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Research: Combining Sciences to Create Fantasy

Hello Friends!

Today is the 1st day of NaNoWriMo, my current wordcount is 395.

I have some great news! Thursday, October 24th at 6:51 pm, I finally got to THE END of my NaNoWriMo project for last year!  Heck yes I looked at the clock, it was an important moment.  The bad news is, I had a week to finish prepping for my NaNo project for this year.  So I thought I'd talk about some of the research I've been doing, since I was spending time doing it anyway, and then you guys get a little flavor of what my story will be like this year.

Most of my characters in this story are a humanoid race called The Neif.  They are about eight inches tall, made of sugar, and their bodies are the consistency of taffy.  Now, normally I would like to make my own taffy to get a literally hands-on experience, but unfortunately, time does not permit.  Maybe after the madness that is November.

Here is a really simple taffy recipe.

The Neif don't wear clothes.  I mean, this is a fantasy story for people older than six.  But you can see some other homemade taffy sculptures here.  

I picture the Neif looking a little more like this:
But they don't have color except for the iridescent taffy-like shininess inherent in their skin.  And their eyes look like opals!

Enough of the pretty part.  I'm here to talk about science!  Now, obviously if the Neif are made from regular table sugar (sucrose), we need to talk some chemistry.  Sucrose is a disaccharide composed of glucose and fructose.  
The amazing thing about chemistry is how much it has to do with physics.  A molecule is composed of more than one bonded atom, and the chemical bonds will only form in certain ways.  These different formations are called isomers.  And that is where physics comes in.  There are only a few ways a molecule can form isomers, and these are limited by the charge of each atom in the molecule, and the type of bonds they form together (very simplified definition).  Particle physics has everything to do with this.

So what does this have to do with my Neif?  I'll get there, I promise.  But I have one more scientific concept to introduce first, and we're hopping across the aisle for this one:  prions.
If you have heard of prions before, it is probably in the context of a prion disease, like mad cow disease (bovine spongiform encephalopathy) or Creutzfeldt–Jakob disease.  The way prion diseases are thought to work is by an abnormal protein in the brain causing normal proteins to "re-fold," or change conformation, merely by coming into contact with them. Pretty cool!

Can you see the connection?  Not yet?  I'll help you out.  
One of my Neif craftsmen has discovered a new substance.  When it comes into contact with any portion of a Neif's exposed body, it causes the taffy-like structure of their bodies to become fully crystalline (taffy already has microscopic crystals in it), and they die as their body quickly experiences a chain reaction, spreading from the point of exposure.  The process ends with them as a crystallized statue surrounded by a puddle of water.  The sugar molecules in their bodies have changed into a different isomer, one that can only exist in rock-solid crystalline formation.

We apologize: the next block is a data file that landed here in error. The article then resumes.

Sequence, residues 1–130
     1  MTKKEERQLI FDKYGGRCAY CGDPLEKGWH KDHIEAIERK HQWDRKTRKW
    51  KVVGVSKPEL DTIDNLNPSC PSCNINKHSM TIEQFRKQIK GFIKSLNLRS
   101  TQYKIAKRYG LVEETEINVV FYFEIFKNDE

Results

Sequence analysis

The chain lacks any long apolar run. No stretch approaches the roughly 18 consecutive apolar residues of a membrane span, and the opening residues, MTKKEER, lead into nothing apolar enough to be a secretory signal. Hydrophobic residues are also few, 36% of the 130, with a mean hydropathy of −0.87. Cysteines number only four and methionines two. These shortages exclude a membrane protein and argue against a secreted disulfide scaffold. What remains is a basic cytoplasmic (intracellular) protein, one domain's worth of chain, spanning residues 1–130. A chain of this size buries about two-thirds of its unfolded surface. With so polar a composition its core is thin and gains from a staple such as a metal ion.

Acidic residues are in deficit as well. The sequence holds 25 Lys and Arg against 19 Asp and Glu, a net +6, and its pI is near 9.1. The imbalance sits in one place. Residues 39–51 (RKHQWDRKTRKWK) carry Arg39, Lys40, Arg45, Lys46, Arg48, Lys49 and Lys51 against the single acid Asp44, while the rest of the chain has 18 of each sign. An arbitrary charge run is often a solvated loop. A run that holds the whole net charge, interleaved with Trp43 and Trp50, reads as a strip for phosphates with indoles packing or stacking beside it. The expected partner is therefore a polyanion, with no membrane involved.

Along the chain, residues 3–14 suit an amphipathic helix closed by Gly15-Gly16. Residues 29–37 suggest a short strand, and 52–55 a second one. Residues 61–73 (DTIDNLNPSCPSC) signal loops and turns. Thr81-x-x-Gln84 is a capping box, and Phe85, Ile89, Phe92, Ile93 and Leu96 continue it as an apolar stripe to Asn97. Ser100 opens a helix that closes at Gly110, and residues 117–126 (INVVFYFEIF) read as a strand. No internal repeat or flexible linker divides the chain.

If you are a scientist, like me, or if you like everything to be just so, you might be screaming at your screen right now.  No, that is not how isomerization works in saccharide molecules.  For that matter, the saccharide molecules in taffy are the exact same isomers as those in crystallized sugar, the only difference is how the sugar molecules are bonded with water, and how much water and air is present.  If you were (or are) a chemist and you were to look at all the different isomers for both glucose and fructose when bound in sucrose, the crystalline structure I describe above is not indicative, to my limited remembrances of chemistry.  

I admit, I wish it was neater and cleaner and that I didn't have to fudge a bit of the science to make it all fit together.  But this isn't a science fiction, it is a fantasy, and I think that's one of the things that can make fantasy so wonderful and accessible.  If we already believe part of something fantastical, swallowing the whole pill isn't as hard.   Minimizing the willing suspension of disbelief can make a story more immersive, because we recognize familiar aspects.  However, it can also be polarizing.  Some people will love it because it has more elements of the familiar, while others will hate it because the facts are not as straight as real-life.

What do you think?  Let me know in the comments below.


  1. In fantasy and science fiction, there is almost always a point where the author does some hand-waving and says, "This works because...I said so." Te exception is truly hard science fiction that adheres zealously to the rules. Which has its apeeal, but also its serious limitations.

    The fact that you've considered the science behind your crystallization mechanic, and that the general mechanism is grounded in real science, just means your hand-waving is that much farther down the well of reality. I think that's a good thing. You're not proposing a preposterous initial condition, you're merely twisting a bit of science to suit your storytelling needs.

    Well, besides the fact that your main characters are animated bits of taffy. But I digress. :)


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